It's not quite like Detroit and autos, but Newport Beach is known for producing Balboa Bars, boardshorts, frozen bananas and boutiques.
If the Planning Commission approves its plans next week, the Newport Beach Wine Co. will become the second vintner in the city. It would press, ferment, blend, bottle, label and sell wine all from a 2,500-square-foot space in an industrial complex.
This terra firma near Placentia Avenue and 16th Street is even more unlikely than the other Newport winery, which has its own vineyard on the bluffs of Upper Newport Bay.
Gus DeFalco, owner of the Floor Guys flooring company in Costa Mesa, is taking the gamble to open the business.
It's a soaked market that requires determination to enter, experts say.
"You have to make good wine, spread it by word of mouth, and gain a reputation," said Jim Graver, director of the winemaking group at the Orange County Wine Society in Costa Mesa. "That doesn't come overnight."
The winery will have a tasting room and will sell bottles on the weekends, but DeFalco expects most of the sales through Internet and mail orders, according to his application with the city.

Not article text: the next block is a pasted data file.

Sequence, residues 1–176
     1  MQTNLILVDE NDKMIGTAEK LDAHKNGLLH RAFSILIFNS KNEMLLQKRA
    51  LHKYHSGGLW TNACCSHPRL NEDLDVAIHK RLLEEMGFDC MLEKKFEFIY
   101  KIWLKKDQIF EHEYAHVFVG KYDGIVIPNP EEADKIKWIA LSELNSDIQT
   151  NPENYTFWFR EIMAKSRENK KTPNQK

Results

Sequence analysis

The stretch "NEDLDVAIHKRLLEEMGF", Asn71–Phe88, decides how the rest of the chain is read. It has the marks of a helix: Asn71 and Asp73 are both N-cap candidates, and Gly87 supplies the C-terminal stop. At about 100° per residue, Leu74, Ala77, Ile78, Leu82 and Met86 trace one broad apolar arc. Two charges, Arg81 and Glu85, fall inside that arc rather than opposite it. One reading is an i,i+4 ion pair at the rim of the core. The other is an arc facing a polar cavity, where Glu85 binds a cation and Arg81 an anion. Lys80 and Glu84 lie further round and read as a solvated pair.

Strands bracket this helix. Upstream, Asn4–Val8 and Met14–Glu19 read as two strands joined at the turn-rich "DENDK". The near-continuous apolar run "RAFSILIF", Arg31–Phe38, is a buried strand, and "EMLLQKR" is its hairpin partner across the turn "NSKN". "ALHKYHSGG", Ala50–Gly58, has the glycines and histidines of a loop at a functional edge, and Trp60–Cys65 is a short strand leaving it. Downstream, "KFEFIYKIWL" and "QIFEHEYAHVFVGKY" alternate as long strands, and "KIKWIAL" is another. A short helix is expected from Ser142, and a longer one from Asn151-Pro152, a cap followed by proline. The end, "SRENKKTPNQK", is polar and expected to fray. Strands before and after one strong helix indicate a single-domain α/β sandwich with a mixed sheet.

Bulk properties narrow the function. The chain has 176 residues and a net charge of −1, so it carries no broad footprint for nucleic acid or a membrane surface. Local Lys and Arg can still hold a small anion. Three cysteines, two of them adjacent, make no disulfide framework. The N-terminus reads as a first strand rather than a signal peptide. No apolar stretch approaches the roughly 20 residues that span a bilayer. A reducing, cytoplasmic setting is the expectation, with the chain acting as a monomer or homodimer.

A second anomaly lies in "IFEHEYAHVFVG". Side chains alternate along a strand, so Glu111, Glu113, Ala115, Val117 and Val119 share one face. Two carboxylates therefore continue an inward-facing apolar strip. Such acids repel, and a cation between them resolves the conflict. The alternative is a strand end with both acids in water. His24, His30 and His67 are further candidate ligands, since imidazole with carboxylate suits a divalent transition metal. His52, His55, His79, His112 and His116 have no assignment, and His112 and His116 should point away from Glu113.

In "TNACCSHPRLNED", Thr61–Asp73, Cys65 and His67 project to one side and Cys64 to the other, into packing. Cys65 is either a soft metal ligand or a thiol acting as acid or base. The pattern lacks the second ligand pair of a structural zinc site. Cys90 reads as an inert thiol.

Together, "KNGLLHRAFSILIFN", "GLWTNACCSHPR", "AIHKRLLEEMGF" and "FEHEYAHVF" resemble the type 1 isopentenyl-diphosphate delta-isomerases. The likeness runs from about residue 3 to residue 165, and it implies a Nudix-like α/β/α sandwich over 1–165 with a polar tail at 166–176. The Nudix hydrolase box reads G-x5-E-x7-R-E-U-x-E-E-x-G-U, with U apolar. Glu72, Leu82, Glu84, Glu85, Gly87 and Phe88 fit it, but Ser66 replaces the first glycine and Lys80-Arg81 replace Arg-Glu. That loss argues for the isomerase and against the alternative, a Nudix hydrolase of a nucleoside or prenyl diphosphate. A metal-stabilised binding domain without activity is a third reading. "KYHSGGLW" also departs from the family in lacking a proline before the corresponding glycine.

Breaking into the local retail and restaurant scene is tough but not impossible, Graver said.
"There are so many wines that are recognizable," he said. "You have to be a good salesperson."
The other local winery, Newport Beach Vineyards and Winery, has managed to break onto local wine lists.
Its Back Bay Cuvee and other varietals have been sold at Antonello Ristorante, the Cannery Restaurant, Irvine Ranch Market, and Pascal Restaurant and Épicerie, among other places, according to the winery's website.
Richard Moriarty, an heir to the Segerstrom family fortune, started that operation on 3.5 acres overlooking Upper Newport Bay in the early 2000s. Ever since he has been harvesting and producing a number of varietals, including the 2003 period favorite, the OC Red.
Grapes for the Newport Beach Wine Co. would travel from the Central and Northern California. DeFalco plans to have weekend tastings open to the public, at $10 for six pours.